DEKALB COUNTY, AL (WAFF) - Legislators in DeKalb County met with residents at DeSoto State Park as Governor Robert Bentley addressed impending park closures at another event in Marshall County.
Bentley told the crowd at Lake Guntersville State Park he was not the one closing the parks - but if a budget plan currently awaiting passage by the legislature is approved, it will be the legislature that will be responsible for the parks' closure.
However, the Senator and Representative who spoke in DeKalb County Monday say that the Governor's tax plan is not necessary to keep the parks open.
They do feel additional revenue is needed - just not in the form of a large tax hike.
They also say there isn't a good reason why one park is set to close in just a couple weeks.
Many showed up at DeSoto State Park to hear from their legislators about the fate of some 15 parks proposed for closure.
Senator Steve Livingston urged calm, as the legislature hasn't even passed a budget yet.
"It may be an 11.5-percent proposed cut. It may be a 5-percent increase for the state parks before it's all said and done," Livingston said. "We just don't know. Be patient and let the process work."
Both Livingston and Representative Nathaniel Ledbetter say they're committed to the parks.
"$71 million dollars [were] brought into DeKalb County with tourism," Ledbetter said. "And to even talk about closing these parks - it's an engine driver for our county. It just doesn't make sense."
Marshall County and Lake Guntersville State Park attracts thousands each year, and those we spoke to Monday said they have their reasons why they chose this park over others.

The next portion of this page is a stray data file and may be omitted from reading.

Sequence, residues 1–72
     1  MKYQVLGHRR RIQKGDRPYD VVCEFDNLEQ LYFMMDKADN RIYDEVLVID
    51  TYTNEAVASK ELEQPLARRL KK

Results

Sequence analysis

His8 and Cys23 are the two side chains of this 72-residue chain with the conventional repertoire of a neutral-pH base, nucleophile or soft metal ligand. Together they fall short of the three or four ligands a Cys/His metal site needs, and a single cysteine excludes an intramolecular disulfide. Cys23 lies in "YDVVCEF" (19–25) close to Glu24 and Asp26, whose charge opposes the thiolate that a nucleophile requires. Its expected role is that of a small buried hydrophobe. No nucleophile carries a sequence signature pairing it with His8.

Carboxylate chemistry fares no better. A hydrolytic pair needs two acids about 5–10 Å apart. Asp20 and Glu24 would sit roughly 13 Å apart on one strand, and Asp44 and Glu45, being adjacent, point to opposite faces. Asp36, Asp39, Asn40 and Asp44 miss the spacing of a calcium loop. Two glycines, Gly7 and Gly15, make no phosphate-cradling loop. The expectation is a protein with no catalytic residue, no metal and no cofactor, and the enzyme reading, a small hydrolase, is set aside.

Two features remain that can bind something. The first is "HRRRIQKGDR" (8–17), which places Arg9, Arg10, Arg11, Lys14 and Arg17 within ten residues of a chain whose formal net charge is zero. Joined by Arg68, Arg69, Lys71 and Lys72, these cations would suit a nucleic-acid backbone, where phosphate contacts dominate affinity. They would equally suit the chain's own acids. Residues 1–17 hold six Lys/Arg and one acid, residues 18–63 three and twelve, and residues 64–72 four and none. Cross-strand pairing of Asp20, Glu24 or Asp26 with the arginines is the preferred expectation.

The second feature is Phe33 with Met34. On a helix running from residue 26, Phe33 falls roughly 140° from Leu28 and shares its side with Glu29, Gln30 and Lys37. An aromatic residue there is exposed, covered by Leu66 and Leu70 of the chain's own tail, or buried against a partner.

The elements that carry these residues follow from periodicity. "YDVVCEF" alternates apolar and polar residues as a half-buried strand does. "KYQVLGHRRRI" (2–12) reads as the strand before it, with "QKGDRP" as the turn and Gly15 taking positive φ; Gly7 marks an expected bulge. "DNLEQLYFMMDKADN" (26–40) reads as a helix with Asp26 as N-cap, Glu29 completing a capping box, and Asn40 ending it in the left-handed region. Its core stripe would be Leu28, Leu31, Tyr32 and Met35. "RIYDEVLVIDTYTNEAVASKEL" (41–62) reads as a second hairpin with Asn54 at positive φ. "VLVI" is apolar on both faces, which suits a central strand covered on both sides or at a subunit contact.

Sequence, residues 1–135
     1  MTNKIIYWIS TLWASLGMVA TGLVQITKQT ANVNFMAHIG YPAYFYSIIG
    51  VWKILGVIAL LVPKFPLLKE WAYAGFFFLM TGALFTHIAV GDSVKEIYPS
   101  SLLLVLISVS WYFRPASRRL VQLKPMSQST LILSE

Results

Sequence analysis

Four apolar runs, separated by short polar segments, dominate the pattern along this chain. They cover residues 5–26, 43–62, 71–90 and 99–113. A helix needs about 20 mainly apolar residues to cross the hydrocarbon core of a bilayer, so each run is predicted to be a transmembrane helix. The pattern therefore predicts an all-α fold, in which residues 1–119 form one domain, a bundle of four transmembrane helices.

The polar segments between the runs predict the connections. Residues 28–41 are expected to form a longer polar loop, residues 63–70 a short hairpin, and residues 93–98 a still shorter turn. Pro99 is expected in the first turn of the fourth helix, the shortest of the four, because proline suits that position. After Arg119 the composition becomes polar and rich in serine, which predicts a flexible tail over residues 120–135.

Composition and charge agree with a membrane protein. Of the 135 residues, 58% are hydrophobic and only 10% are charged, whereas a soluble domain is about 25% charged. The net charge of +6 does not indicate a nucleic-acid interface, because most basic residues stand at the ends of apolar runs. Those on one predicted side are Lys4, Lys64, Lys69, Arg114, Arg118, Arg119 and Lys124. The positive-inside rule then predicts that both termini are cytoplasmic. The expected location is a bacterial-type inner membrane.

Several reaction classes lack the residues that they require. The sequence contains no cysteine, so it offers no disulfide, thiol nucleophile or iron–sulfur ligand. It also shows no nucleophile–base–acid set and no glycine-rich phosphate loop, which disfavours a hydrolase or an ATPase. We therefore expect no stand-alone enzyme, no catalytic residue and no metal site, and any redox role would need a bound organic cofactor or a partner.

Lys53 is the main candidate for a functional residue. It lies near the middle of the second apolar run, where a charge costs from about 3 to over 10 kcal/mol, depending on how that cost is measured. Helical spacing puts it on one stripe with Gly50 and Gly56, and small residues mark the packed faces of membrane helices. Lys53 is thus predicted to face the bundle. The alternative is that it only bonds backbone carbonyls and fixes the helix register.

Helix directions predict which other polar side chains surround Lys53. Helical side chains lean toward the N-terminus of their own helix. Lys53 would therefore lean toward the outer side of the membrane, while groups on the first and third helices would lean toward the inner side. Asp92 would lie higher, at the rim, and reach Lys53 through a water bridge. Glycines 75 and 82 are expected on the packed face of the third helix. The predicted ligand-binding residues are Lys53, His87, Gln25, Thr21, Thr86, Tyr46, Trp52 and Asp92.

"The view, the fishing, and I don't think you can have any better facility than what we have right here at this park," said Sam Kelley.
The Lake Guntersville Chamber of Commerce says the governor's suggestion that state parks could temporarily close is not what the area needs to hear. They say losing tourists would be a huge financial hit.
"Tourism is a huge part of the whole economy of Marshall County and Guntersville," said Amanda Sellnow. "A park closure would drastically affect the whole economy... There's so many groups and tourists that come in, they come and stay at the state park, but then they also fill up their gas tanks when they're in town, they go and eat, they go shopping."
While the politicians in Montgomery debate budgets and make threats, taxpayers we spoke with are getting frustrated.
"The politicians, they get in office and they listen to the lobbyists because they grease their pockets, and that's the reason we get in the shape we're in right now," Kelley said.
"I realize the state needs money, but it seems like every time they want money they take try to get money from places that are family oriented like the state parks," added Bob Maddox.
State Park Director Greg Lein issued a list of 15 parks facing closure last week, which Ledbetter said are fully funded through the end of September.
However, parks officials say Buck's Pocket is set to close May 1.
"The budget goes through October, so I don't know why it's set to close May 1," Ledbetter said.
We reached out to Lein about the Buck's Pocket closing schedule and are awaiting a reply.